This systematic review evaluated the effectiveness of distraction for reducing infant distress during vaccinations in young children aged 0 to 3 years.
Database searches identified relevant randomized and quasi-randomized controlled trials. Three separate clinical questions related to variants of the psychological strategy of distraction (directed video; directed toy; nondirected toy) were pursued. Distress was identified as the critical outcome to assess the benefits of distraction and extracted from relevant trials. Distress was analyzed by phase of procedure (distress preprocedure; distress acute; distress recovery; idiosyncratic phases based on some or all of the 3 aforementioned phases).
Ten studies were included in the review. Significant results are presented herein. For directed video distraction, moderate quality evidence suggested that distress was lowered in the treatment group standardized mean difference (SMD −0.68 lower [95% confidence interval (CI), −1.04 to −0.32]) for the acute+recovery phase as well as the preprocedure phase (SMD −0.49 lower [95% CI, −7.6 to −0.22]). For directed toy distraction, the analysis of low-quality evidence for a combined preprocedure+acute+recovery phase of distress (analysis n=81), suggested that distress was lowered in the treatment group (SMD −0.47 lower [95% CI, −0.91 to −0.02]). An effect for nondirected toy distraction was also seen, analyzing very–low-quality evidence, for the acute distress phase (n=290; SMD −0.93 lower [95% CI, −1.86 to 0.00]).
Generally low-quality to very–low-quality evidence suggests that there may be an effect of directed (toy and video) and nondirected toy distraction for children aged 0 to 3 years, for certain phases of the vaccination.
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*Department of Psychology, York University
†Department of Psychiatry, The Hospital for Sick Children
§Child Health and Evaluative Sciences
∥∥Department of Neonatology
‡Department of Psychiatry
∥Leslie Dan Faculty of Pharmacy
§§Faculty of Medicine, University of Toronto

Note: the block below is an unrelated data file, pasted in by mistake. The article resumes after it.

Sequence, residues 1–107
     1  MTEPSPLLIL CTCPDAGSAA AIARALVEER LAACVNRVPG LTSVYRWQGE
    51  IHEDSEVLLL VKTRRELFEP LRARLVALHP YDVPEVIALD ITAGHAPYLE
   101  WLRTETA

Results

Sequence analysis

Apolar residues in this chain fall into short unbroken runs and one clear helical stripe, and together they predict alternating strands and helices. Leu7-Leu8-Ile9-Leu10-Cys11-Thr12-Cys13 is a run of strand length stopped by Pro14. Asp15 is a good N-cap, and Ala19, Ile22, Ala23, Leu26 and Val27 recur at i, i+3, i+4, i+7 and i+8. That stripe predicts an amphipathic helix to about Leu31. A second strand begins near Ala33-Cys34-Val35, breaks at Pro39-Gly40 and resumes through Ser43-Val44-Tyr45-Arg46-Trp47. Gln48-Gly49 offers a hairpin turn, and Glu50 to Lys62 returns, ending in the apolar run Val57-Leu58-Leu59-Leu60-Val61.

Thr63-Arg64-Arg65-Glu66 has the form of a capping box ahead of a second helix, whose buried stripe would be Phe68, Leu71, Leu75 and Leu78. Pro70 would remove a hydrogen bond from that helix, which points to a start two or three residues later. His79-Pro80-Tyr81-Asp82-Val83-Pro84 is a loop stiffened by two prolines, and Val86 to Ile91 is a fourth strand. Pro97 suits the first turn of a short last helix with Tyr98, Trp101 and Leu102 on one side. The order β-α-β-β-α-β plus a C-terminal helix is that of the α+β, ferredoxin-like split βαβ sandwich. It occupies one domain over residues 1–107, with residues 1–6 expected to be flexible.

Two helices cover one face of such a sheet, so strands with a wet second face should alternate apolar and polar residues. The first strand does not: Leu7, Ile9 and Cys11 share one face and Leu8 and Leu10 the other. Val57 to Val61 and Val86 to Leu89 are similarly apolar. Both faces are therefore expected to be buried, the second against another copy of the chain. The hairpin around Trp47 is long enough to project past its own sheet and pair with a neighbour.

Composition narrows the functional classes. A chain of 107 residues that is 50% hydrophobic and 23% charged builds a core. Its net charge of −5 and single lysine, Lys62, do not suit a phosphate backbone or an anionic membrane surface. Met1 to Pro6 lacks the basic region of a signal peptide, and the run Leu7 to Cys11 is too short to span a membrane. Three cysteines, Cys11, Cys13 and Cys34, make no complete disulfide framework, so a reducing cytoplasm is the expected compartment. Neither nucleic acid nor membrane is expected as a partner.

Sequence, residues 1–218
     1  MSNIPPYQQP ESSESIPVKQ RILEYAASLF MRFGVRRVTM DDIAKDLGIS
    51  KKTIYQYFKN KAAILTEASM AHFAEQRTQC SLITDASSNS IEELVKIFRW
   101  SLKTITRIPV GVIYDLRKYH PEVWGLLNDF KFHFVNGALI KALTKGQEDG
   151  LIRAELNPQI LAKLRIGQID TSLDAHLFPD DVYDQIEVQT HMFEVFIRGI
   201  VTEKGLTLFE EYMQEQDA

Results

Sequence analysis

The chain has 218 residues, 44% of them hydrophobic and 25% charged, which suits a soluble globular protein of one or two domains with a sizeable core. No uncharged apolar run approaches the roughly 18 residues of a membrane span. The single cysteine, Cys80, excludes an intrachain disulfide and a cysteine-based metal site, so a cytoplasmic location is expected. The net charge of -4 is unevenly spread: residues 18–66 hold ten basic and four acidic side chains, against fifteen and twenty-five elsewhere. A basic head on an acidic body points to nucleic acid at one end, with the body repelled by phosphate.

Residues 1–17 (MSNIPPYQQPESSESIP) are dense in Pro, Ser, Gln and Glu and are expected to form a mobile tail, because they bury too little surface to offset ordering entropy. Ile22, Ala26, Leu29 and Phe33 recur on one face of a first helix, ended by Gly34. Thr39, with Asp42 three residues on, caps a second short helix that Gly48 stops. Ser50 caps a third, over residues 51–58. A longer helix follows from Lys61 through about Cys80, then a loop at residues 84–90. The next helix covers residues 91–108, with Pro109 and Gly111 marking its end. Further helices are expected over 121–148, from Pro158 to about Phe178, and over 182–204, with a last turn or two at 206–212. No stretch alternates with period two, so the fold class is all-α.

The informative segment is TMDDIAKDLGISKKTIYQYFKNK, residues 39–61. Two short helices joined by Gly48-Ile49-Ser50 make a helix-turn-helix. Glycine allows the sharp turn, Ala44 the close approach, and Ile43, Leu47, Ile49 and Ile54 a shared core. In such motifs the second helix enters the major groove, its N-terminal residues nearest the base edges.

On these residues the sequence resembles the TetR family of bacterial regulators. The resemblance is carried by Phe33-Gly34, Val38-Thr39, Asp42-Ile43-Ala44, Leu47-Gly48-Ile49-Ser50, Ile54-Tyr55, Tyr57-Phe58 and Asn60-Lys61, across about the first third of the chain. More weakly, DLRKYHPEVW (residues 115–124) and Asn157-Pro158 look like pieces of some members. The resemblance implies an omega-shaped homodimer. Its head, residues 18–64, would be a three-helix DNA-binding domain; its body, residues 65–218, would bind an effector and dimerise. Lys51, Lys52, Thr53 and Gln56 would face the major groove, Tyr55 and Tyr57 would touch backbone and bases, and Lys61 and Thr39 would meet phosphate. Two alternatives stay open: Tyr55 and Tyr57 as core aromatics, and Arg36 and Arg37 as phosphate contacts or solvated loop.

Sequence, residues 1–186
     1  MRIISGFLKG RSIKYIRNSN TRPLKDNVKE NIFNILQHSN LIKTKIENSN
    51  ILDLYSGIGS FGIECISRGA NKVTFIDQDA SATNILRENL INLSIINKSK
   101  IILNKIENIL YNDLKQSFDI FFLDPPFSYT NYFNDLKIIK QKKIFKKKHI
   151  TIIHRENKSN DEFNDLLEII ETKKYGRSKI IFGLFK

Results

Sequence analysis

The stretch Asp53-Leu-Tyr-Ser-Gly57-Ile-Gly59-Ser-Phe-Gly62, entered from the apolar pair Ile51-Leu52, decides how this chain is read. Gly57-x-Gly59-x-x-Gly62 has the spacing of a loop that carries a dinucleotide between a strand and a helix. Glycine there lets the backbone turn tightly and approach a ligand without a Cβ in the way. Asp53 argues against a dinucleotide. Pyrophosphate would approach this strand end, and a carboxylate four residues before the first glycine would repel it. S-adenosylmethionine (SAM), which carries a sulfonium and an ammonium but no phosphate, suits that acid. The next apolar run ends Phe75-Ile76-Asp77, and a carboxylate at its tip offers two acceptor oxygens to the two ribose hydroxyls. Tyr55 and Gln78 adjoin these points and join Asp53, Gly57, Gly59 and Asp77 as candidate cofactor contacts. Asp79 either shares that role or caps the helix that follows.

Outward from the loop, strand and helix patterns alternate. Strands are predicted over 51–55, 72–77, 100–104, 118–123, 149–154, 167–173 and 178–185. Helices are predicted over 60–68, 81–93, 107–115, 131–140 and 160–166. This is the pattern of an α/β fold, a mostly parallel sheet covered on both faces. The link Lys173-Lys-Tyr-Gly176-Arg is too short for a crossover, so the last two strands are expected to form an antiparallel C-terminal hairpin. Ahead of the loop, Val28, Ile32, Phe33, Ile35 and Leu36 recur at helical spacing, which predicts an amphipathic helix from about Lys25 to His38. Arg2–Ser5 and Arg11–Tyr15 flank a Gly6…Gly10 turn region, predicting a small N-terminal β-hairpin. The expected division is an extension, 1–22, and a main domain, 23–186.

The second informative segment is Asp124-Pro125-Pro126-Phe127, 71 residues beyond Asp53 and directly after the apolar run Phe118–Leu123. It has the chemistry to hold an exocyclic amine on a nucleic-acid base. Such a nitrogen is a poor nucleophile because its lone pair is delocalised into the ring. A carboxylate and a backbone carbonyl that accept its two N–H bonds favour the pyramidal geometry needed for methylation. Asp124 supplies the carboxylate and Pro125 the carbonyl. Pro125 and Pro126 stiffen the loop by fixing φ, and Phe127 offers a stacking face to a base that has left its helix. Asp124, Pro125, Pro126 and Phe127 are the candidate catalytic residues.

‡‡Mount Sinai Hospital, Toronto, ON
¶Department of Psychology, University of Guelph, Guelph
#Children’s Health Research Institute, Children’s Hospital
**Department of Paediatrics, Western University, London, ON
††Department of Pediatrics and Psychology, Centre for Pediatric Pain Research, IWK Health Centre, Dalhousie University, Halifax, NS, Canada
¶¶Department of Psychology, University of Calgary, AB, Canada
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HELPinKIDS (Help ELiminate Pain in KIDS) Team: Ipp M., MacDonald N. E., Rogers J., Bucci L., Mousmanis P., Lang E., Halperin S. A., Bowles S., Halpert C., Rieder M., Robson K., Asmundson G. J. G., Uleryk E., Antony M. M., Dubey V., Hanrahan A., Lockett D., Scott J., Votta Bleeker E.
Supported by the Canadian Institutes of Health Research (CIHR), Ottawa, ON, Canada (KRS 132031). Open access funding was provided by the Mayday Fund in the United States. A. T., declares a grant from Pfizer, and study supplies from Natus and Ferndale. C.T. C., declares consultation fees from Abbvie. E. L. is a member of the GRADE working group and declares consultation fees from the International Liaison Committee on Resuscitation (ILCOR).L. B., declares a relationship with government agencies and grants from Merck, GSK, Novartis, Sanofi, and Pfizer. S.A. H., declares grants from GSK, Sanofi, Novartis, Pfizer, Merck, PREVENT, ImmunoVaccine, NovaVax, Janssen, and Folia.
Reprints: Rebecca Pillai Riddell, PhD, Department of Psychology, York University, 4700 Keele Street, Toronto, ON, Canada M3H 4C4 (e-mail: email@example.com).
This is an open-access article distributed under the terms of the Creative Commons Attribution-Non Commercial-No Derivatives License 4.0 (CCBY-NC-ND), where it is permissible to download and share the work provided it is properly cited. The work cannot be changed in any way or used commercially. http://creativecommons.org/licenses/by-nc-nd/4.0/.
Received April 13, 2015
Accepted June 29, 2015